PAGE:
The influence of some ecological and evolutionary factors on the pattern of dental polymorphism across the geographic range of the arctic fox (Vulpes (Alopex) lagopus) was studied. Dental morphotype characters (groups of morphotypes from A to S) in 12 geographically separate populations of the arctic fox were documented. Two evolutionary trends were observed: (1) simplification of the premolars and lower carnassial (M1), and (2) increased complexity of the upper carnassial (P4), third upper incisor (I3), and third lower molar (M3). Differences in dental morphology among arctic fox populations appear to be largely explained by evolutionary history, presence or absence of competition with the red fox (Vulpes vulpes), and diet, with a lesser influence of geography and climate. With respect to morphology, arctic foxes from the mainland populations of Eurasia and North America, are the most similar, followed by the partly-isolated island populations (Greenland, St. Lawrence Island). The most distinct forms are the arctic foxes from Commander Islands, that exist in permanent isolation.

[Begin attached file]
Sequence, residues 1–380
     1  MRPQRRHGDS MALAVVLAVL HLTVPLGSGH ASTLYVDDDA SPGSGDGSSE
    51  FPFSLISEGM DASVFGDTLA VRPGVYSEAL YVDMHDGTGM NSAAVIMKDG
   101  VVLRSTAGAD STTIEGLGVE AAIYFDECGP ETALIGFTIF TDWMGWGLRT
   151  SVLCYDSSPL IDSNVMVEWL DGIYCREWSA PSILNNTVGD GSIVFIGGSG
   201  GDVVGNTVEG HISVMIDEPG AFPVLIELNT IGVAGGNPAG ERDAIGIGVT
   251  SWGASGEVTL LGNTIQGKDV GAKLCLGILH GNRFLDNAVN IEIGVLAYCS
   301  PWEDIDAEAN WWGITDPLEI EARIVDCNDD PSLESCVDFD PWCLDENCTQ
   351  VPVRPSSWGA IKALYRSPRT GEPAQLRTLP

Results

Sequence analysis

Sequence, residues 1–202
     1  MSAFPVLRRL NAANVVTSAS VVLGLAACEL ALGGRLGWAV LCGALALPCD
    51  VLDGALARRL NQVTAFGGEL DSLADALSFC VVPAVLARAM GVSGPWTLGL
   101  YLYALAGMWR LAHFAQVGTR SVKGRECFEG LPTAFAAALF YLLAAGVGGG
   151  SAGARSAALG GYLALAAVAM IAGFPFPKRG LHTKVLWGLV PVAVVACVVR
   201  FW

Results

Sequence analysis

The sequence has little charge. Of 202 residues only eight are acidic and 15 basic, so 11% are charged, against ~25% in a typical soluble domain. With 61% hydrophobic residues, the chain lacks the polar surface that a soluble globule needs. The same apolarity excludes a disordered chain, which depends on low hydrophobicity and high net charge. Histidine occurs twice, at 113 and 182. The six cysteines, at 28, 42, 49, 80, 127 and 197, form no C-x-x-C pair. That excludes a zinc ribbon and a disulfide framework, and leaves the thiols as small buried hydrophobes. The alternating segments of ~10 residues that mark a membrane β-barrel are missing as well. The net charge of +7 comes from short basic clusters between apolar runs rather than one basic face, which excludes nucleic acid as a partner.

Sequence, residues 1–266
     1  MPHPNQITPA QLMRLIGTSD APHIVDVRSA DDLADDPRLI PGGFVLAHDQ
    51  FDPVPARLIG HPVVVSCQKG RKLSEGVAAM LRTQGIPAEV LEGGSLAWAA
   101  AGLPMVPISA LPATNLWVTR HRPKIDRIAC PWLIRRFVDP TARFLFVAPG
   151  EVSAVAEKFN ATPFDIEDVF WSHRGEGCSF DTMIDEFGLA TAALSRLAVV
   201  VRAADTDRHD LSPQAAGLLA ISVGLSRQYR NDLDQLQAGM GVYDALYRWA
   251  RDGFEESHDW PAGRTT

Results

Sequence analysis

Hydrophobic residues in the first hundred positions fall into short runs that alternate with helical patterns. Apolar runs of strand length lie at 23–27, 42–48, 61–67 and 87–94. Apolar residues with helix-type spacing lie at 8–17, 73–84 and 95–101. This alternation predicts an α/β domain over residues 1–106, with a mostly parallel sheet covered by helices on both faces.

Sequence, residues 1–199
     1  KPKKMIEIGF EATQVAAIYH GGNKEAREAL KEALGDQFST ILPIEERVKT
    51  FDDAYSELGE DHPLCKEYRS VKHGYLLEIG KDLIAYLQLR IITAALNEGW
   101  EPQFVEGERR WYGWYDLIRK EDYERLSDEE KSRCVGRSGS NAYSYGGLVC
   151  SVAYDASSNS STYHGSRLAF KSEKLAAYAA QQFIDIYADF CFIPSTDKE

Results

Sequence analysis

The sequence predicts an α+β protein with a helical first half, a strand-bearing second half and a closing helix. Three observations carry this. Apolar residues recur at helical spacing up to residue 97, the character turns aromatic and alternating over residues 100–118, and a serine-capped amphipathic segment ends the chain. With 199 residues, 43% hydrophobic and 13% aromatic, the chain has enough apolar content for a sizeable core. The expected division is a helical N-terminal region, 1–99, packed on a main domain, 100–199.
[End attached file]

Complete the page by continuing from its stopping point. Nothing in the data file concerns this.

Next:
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Vol. 48 • No. 4